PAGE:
What is Harassment?
According to RCW 9A.46.020, generally, harassment is defined as threatening to injure another person, threatening to destroy their property, or in some cases, threatening to restrain or physically confine them. Harassment can be charged as a felony or misdemeanor, but we most commonly see it charged as a gross misdemeanor with a maximum penalty of 364 days in jail and up to a $5000 fine. To be convicted of harassment, in general, the State must prove two things. They must first prove that a threat was made, and then they must prove that the person threatened reasonably believed that the threat would be carried out.
What Situations Do We Commonly See Harassment Charged?
There are many ways you could be charged with harassment, but here are a few of the most common situations we see:
- Getting into an argument with someone at a bar and threatening to physically fight with them.
- Getting into an argument with someone and flashing a weapon to intimidate them.
- Getting into an argument with someone and preventing them from leaving until the argument is resolved.
- Getting upset with a business and calling them to leave a voicemail saying you are going to damage their property.
These are just a few of the situations that could result in harassment charges. However, if a physical altercation occurs, the charges could be escalated to assault. Remember, making a threat to injure someone or their property could result in criminal charges being filed against you. More often than not, harassment charges end up with a physical arrest because the officers are trying to separate the parties involved.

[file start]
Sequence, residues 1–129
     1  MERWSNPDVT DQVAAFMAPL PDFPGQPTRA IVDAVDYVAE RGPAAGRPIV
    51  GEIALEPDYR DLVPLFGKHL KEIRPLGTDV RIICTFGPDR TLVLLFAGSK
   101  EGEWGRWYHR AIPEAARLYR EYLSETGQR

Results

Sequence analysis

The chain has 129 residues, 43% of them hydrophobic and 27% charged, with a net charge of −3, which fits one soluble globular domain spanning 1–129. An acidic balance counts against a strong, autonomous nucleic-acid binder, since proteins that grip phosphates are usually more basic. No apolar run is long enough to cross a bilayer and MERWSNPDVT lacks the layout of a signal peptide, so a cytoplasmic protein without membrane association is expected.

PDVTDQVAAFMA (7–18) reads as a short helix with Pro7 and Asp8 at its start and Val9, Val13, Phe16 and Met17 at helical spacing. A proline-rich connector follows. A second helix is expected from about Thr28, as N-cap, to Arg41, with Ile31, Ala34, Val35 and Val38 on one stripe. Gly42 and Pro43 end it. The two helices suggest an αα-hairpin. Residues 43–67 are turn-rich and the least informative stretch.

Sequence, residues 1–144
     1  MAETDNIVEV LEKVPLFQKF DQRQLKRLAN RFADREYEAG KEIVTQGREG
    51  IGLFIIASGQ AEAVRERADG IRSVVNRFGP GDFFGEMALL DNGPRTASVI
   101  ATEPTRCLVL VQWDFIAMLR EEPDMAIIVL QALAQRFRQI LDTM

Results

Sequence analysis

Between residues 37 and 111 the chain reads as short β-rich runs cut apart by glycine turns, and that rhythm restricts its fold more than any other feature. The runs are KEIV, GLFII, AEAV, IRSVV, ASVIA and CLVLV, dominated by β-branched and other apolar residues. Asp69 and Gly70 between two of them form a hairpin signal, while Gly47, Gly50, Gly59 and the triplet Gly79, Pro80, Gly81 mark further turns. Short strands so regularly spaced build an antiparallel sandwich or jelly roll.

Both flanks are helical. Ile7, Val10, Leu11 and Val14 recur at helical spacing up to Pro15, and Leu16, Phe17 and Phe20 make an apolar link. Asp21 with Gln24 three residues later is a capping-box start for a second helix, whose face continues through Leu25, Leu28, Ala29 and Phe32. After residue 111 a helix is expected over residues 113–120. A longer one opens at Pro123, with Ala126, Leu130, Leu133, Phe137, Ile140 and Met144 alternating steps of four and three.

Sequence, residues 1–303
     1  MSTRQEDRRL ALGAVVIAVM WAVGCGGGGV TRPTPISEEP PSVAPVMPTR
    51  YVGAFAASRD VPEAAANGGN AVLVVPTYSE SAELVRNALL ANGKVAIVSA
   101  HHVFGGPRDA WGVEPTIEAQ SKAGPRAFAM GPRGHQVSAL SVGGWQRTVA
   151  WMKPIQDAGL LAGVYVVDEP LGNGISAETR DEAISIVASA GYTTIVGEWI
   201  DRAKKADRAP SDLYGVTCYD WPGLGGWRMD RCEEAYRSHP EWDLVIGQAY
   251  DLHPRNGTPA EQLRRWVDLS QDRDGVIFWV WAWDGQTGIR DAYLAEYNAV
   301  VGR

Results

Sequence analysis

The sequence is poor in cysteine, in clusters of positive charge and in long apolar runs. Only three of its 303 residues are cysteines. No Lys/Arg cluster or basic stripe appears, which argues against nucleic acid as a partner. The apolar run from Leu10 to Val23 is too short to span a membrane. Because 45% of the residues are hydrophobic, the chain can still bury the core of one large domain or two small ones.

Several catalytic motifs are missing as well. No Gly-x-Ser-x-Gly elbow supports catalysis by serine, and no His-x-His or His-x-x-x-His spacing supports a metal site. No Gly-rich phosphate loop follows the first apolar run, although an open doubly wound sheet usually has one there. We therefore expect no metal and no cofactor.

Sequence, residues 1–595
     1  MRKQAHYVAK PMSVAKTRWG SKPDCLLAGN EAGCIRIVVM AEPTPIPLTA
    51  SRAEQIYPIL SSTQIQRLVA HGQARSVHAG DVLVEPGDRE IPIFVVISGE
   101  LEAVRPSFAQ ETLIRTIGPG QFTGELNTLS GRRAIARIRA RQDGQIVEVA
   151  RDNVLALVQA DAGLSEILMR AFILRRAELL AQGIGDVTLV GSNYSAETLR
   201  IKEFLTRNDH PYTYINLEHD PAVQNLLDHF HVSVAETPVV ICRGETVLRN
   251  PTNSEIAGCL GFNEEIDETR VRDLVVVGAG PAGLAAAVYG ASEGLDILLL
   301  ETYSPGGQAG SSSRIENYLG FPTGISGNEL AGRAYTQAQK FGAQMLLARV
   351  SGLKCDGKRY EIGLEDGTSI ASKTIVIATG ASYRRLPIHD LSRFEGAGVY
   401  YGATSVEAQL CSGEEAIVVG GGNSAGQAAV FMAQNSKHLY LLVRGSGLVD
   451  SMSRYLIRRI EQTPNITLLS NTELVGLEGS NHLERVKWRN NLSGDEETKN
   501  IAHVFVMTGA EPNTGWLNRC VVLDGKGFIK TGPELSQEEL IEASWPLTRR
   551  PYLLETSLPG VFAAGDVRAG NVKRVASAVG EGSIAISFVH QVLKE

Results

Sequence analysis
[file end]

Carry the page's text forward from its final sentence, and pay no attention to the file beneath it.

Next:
How Do We Defend Harassment?
It is important for you to know that, for the most part, harassment charges are defendable. These charges are best defended by focusing on whether the alleged victim reasonably believed the threat would be carried out or not. An example of these defenses could be that the alleged victim did not leave the scene after you supposedly threatened them. Another potential defense focuses on if a third party was the one to call the police instead of the alleged victim. In both examples, we can argue that the alleged victim did not show any fear or response to the threat, so they must not have reasonably believed that it would be carried out.
Another argument we could make is that the threat was conditional. If you had said something along the lines of, “if you don’t stop calling me, I’m going to come and beat you up”, we can argue that this was not truly a threat because conditions were set, and it was up to the alleged victim if the situation escalated further. In harassment cases, there are several arguments we could make, and other things we may have you do to help your case. One of these things may be asking you to complete anger management classes. This will show the prosecutor that you are trying to improve yourself, learn from the situation, and prevent it from happening again in the future.
Contact Us for Assistance in Your Harassment Case:
If you have been charged with harassment, it is not a hopeless situation. There are things you and your attorney can do to try to get through this situation as easily as possible. If you have been arrested or investigated for harassment, give our office a call at (425) 224-7075. We will listen to you, answer your questions, ease your stress and resolve your case. Owner and principal attorney Lance Fryrear of The Law Offices of Lance Fryrear has defended the accused in Lynnwood and throughout Washington for the past 20 years. We will be sensitive and careful every step of the way, doing everything we can to help and support you.
Give us a call at (425) 224-7075 to learn more!